• develop "Long COVID" or Post Acute COVID Syndrome (PACS)
  • die from COVID-19 or related complications

Fully vaccinated people who become ill enough to be hospitalized are usually in very poor health or taking medicines that suppress their immune systems. 

The new Delta strain of COVID can be spread by vaccinated people as well as the unvaccinated. However, vaccinated individuals are much less likely to become as severely ill or sick for as long as unvaccinated individuals.

Vaccinating as many people as possible in our community still reduces the spread of the virus significantly, therefore helping to protect those who do not have strong immune systems.

Learn more on our COVID-19 Vaccination page.

 

What is the difference between quarantine and self-isolation?

  • Quarantine when you might have been exposed to the virus.
  • Isolate when you have been infected with the virus, even if you don’t have symptoms.

See general CDC information about when, how, and what to do for quarantine or isolation. And information specific to the State of New Hampshire at covid19.nh.gov.

What should I do if I have COVID-19 or have been exposed to it?

If you were exposed to COVID-19, read recommendations for the type of exposure and your vaccination status at covid19.nh.gov.

Is information about COVID-19 available for non-English speaking or Limited English Proficient (LEP) community members?

Dartmouth-Hitchcock's Information in Other Languages page provides resources for non-English speaking or Limited English Proficient (LEP) community members and American Sign Language (ASL) users.

Why aren't Ivermectin and Hydroxychloroquine approved by the FDA to treat COVID-19? 

There is no evidence to suggest benefits from Ivermectin or Hydroxychloroquine to treat COVID-19. Each medication has been studied recently in the context of treating COVID-19 and the resulting data did not show any benefit.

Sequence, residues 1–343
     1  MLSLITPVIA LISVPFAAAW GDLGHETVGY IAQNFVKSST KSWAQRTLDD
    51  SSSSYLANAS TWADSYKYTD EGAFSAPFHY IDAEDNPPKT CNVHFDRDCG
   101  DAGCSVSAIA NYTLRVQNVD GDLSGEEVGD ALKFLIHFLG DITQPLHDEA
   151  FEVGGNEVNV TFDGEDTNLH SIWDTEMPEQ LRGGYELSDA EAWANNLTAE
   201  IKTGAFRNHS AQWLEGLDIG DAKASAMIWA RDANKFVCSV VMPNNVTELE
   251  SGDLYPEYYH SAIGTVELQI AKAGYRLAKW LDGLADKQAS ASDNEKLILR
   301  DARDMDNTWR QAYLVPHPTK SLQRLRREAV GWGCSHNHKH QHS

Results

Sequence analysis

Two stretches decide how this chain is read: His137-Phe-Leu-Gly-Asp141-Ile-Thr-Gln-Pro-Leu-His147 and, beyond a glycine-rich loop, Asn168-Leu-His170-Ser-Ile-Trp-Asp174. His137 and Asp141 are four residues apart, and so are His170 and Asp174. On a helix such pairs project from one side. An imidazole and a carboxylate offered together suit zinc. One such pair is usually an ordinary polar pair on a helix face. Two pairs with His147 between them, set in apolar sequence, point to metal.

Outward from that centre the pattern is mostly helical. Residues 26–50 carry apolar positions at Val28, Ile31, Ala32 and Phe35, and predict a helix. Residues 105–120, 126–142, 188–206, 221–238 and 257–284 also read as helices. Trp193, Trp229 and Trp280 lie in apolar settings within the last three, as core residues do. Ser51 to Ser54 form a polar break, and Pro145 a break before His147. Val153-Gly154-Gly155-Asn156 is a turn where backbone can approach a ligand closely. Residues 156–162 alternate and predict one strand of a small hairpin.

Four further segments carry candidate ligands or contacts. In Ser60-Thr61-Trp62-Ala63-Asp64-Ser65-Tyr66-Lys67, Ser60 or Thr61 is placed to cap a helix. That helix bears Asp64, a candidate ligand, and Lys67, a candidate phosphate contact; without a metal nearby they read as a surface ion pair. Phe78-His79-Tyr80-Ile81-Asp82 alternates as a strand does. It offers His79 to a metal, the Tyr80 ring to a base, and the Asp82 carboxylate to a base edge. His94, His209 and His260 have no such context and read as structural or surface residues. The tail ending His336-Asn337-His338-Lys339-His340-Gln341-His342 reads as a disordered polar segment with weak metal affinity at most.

The concern is actually the opposite—the FDA has issued warnings against using either of these agents because of potentially dangerous side effects. When taken inappropriately, a patient could suffer potential cardiac, neurological, and other side effects from drug interactions that may prove to be fatal.
Prescribers need to adhere to guidelines issued by WHO, NIH, andor IDSA–credible sources for information related to managing patients with COVID-19. Anecdotal benefits should not drive a trend and using these drugs to treat COVID-19 in the absence of supporting data could cause much more harm than good.

Additional questions and references

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Call 2-1-1 in New Hampshire with COVID-19 questions. COVID-19-specific call-takers available Monday through Friday, 8 a.m. to 7 p.m.

 

 

State Department of Health

Please reference the State Department of Health for the state in which you reside for the latest local/state-related information.

Centers for Disease Control and Prevention

The Centers for Disease Control and Prevention (CDC) offers leading information about the U.S. response and guidance centered on COVID-19. Topics include:

Dartmouth-Hitchcock's Patient Education

Maps

Situation maps are available from many resources. We recommend the World Health Organization situation or Johns Hopkins Coronavirus Resource Center status map:

National Cancer Institute at the National Institutes of Health

The National Cancer Institute (NCI) offers guidance on your risk of coronavirus infection and precautions if you are being treated for cancer. 

Information for pregnant patients

For women who are pregnant or nursing, COVID-19 brings lots of questions unique to this experience. Dartmouth-Hitchcock's FAQ will help address these questions and concerns.